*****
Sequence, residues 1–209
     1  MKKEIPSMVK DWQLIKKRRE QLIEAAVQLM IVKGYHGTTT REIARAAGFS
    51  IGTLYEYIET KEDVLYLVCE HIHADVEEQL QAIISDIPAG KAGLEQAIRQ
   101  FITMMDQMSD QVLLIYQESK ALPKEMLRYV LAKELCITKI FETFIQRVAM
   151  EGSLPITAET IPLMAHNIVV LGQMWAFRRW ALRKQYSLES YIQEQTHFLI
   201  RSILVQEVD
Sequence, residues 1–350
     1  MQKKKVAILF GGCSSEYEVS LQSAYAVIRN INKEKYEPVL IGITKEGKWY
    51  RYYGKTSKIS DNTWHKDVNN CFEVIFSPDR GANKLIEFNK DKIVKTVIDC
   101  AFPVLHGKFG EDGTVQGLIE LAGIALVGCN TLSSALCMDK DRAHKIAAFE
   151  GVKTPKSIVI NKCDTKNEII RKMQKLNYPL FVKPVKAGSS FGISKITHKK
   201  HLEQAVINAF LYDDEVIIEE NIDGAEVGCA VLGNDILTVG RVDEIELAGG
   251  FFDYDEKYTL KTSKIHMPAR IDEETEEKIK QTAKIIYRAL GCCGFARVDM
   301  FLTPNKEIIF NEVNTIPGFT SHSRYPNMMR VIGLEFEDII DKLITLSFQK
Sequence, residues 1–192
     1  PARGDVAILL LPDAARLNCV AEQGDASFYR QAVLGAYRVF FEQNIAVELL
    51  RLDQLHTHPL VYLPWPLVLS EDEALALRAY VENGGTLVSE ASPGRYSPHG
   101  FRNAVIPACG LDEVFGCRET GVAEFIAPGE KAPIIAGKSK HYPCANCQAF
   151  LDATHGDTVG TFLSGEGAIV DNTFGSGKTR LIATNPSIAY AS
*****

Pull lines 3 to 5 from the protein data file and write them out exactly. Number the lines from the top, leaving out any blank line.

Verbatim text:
    51  IGTLYEYIET KEDVLYLVCE HIHADVEEQL QAIISDIPAG KAGLEQAIRQ
   101  FITMMDQMSD QVLLIYQESK ALPKEMLRYV LAKELCITKI FETFIQRVAM
   151  EGSLPITAET IPLMAHNIVV LGQMWAFRRW ALRKQYSLES YIQEQTHFLI